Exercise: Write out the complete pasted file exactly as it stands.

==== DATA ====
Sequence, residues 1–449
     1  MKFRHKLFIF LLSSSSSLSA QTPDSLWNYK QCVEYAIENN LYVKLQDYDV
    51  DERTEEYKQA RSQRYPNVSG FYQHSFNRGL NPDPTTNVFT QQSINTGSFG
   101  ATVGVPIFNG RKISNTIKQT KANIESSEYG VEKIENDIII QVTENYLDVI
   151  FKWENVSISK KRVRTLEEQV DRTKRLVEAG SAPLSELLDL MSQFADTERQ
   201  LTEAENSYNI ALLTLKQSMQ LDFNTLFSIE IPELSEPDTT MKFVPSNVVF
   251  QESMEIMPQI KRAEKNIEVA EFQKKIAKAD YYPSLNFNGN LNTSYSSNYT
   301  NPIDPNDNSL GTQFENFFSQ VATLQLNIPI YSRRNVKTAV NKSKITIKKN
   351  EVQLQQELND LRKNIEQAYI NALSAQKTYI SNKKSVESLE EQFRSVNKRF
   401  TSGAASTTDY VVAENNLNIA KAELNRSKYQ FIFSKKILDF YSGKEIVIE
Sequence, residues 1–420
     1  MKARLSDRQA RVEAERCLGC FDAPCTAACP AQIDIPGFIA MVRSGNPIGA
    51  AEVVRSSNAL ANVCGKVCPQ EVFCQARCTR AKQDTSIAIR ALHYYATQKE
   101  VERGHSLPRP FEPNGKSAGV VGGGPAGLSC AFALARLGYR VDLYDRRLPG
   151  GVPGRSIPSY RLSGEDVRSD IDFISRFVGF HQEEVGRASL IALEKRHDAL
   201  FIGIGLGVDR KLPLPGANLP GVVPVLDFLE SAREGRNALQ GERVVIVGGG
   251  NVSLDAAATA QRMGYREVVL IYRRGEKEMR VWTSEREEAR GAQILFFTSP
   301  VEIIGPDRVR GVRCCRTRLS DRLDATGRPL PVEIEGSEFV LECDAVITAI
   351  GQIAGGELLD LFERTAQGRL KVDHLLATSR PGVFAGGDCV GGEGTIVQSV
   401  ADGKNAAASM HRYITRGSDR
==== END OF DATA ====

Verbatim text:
Sequence, residues 1–449
     1  MKFRHKLFIF LLSSSSSLSA QTPDSLWNYK QCVEYAIENN LYVKLQDYDV
    51  DERTEEYKQA RSQRYPNVSG FYQHSFNRGL NPDPTTNVFT QQSINTGSFG
   101  ATVGVPIFNG RKISNTIKQT KANIESSEYG VEKIENDIII QVTENYLDVI
   151  FKWENVSISK KRVRTLEEQV DRTKRLVEAG SAPLSELLDL MSQFADTERQ
   201  LTEAENSYNI ALLTLKQSMQ LDFNTLFSIE IPELSEPDTT MKFVPSNVVF
   251  QESMEIMPQI KRAEKNIEVA EFQKKIAKAD YYPSLNFNGN LNTSYSSNYT
   301  NPIDPNDNSL GTQFENFFSQ VATLQLNIPI YSRRNVKTAV NKSKITIKKN
   351  EVQLQQELND LRKNIEQAYI NALSAQKTYI SNKKSVESLE EQFRSVNKRF
   401  TSGAASTTDY VVAENNLNIA KAELNRSKYQ FIFSKKILDF YSGKEIVIE
Sequence, residues 1–420
     1  MKARLSDRQA RVEAERCLGC FDAPCTAACP AQIDIPGFIA MVRSGNPIGA
    51  AEVVRSSNAL ANVCGKVCPQ EVFCQARCTR AKQDTSIAIR ALHYYATQKE
   101  VERGHSLPRP FEPNGKSAGV VGGGPAGLSC AFALARLGYR VDLYDRRLPG
   151  GVPGRSIPSY RLSGEDVRSD IDFISRFVGF HQEEVGRASL IALEKRHDAL
   201  FIGIGLGVDR KLPLPGANLP GVVPVLDFLE SAREGRNALQ GERVVIVGGG
   251  NVSLDAAATA QRMGYREVVL IYRRGEKEMR VWTSEREEAR GAQILFFTSP
   301  VEIIGPDRVR GVRCCRTRLS DRLDATGRPL PVEIEGSEFV LECDAVITAI
   351  GQIAGGELLD LFERTAQGRL KVDHLLATSR PGVFAGGDCV GGEGTIVQSV
   401  ADGKNAAASM HRYITRGSDR